FDA Allows Ionizing Radiation to Control Foodborne Pathogens in Crustaceans
The Food and Drug Administration has issued a final rule that, effective April 14, amends its food additive regulations to allow the use of ionizing radiation on crustaceans (e.g., crab, shrimp, lobster, crayfish and prawns) to control foodborne pathogens and extend shelf life. Objections to this rule and/or requests for a hearing are due no later than May 14.
In response to a petition first filed in 2001, the FDA has concluded that the use of irradiation to treat chilled or frozen raw, cooked or partially cooked crustaceans, or dried crustaceans, with or without spices, minerals, inorganic salts, citrates, citric acid and/or calcium disodium EDTA used in accordance with applicable laws and regulations, is safe, provided that the absorbed dose does not exceed 6.0 kiloGray. At this dose, the FDA notes,ionizing radiation will reduce, but not entirely eliminate, the number of illness causing microorganisms in or on crustaceans. The FDA also points out that irradiation is not a substitute for proper food-handling practices and that crustaceans treated with ionizing radiation must be stored, handled and cooked in the same way as non-irradiated foods.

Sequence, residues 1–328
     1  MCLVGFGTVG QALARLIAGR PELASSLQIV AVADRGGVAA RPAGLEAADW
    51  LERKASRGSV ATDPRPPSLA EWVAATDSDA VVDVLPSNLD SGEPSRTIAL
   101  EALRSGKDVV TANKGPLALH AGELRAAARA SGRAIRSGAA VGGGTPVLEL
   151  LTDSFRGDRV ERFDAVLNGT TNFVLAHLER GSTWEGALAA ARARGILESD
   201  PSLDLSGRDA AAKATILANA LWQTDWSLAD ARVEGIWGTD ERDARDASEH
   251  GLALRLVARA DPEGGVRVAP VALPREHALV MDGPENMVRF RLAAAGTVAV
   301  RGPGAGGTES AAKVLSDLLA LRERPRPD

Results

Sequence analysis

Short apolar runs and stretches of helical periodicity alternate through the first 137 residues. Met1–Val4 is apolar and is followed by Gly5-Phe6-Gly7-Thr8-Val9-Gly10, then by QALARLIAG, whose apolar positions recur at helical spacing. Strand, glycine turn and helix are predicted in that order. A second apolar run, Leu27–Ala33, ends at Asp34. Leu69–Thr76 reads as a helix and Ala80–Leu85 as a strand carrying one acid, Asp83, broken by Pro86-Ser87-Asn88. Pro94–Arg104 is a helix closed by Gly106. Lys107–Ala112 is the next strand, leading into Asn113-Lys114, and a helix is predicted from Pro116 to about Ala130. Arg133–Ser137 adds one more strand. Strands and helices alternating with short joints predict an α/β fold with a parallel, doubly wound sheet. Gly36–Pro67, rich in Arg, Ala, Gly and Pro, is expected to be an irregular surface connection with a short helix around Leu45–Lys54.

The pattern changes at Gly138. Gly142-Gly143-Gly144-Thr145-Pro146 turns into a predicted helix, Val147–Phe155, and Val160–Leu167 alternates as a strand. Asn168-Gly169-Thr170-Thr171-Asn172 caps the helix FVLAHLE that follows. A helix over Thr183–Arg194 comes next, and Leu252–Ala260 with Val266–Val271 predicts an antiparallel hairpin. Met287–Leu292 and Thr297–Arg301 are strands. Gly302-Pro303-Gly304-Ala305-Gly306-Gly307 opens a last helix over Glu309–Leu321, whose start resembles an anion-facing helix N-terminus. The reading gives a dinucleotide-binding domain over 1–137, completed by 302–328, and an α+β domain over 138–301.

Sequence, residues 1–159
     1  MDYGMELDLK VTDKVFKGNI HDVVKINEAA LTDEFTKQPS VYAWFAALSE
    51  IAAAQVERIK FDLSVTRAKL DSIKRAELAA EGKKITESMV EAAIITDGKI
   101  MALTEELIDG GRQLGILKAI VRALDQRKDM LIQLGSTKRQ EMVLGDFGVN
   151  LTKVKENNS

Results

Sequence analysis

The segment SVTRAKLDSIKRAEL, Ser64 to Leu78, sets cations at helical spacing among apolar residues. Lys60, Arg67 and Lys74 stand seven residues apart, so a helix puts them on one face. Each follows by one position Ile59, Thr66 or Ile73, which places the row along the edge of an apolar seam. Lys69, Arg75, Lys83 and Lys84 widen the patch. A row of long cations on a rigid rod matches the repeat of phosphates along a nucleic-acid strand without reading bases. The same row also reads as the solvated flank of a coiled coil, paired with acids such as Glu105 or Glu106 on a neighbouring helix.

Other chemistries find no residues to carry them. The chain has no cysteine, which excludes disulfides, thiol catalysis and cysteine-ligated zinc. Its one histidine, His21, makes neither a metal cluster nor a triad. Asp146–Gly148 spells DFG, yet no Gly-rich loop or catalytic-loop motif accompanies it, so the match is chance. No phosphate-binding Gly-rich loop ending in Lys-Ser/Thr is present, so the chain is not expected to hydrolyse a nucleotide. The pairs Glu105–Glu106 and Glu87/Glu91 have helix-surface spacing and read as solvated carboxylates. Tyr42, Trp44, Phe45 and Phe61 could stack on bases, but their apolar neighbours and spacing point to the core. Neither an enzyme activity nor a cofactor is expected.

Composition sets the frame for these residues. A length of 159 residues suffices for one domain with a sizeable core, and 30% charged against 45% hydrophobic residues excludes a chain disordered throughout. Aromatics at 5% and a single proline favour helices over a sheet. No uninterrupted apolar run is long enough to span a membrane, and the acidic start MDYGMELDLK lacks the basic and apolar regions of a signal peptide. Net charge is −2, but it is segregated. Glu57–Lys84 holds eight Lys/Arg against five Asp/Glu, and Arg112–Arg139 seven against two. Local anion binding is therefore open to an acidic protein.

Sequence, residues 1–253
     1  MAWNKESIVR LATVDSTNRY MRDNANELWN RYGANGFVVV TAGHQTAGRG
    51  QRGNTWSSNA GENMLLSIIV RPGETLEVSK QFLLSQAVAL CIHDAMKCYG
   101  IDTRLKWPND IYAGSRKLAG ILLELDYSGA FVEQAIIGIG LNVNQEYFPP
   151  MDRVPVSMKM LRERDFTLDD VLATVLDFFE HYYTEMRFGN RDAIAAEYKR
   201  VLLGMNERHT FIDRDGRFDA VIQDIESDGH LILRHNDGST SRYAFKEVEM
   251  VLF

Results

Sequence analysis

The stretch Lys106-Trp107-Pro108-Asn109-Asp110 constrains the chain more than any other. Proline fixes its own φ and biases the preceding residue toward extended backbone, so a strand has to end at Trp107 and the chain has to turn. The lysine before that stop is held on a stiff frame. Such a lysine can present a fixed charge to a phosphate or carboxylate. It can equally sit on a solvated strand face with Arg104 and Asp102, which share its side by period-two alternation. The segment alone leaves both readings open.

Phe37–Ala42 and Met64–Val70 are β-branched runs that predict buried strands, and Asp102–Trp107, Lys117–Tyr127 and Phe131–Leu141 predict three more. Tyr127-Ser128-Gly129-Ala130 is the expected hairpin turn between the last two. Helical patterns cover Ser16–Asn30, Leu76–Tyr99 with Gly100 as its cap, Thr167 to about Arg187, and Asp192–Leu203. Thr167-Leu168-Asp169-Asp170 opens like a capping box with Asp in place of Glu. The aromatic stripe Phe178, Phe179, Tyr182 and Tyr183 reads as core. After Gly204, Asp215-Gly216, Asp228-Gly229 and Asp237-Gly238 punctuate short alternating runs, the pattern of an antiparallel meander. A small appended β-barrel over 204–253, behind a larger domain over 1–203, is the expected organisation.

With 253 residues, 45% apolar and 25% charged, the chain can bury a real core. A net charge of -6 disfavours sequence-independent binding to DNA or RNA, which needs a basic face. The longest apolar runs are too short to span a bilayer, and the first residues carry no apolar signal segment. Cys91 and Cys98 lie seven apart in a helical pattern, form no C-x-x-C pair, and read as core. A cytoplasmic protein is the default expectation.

FDA regulations require that irradiated foods bear the international symbol for irradiation (radura) and carry the statement “Treated with radiation” or “Treated by irradiation” on the food label. For foods not in package form, the logo and phrase must be displayed to the purchaser with either the labeling of the bulk container plainly in view or a counter sign, card or other appropriate device bearing the information that the product has been treated with radiation. Multi-ingredient foods that contain ingredients that have been irradiated (e.g., spices) are not required to be labeled if the food itself has not been irradiated.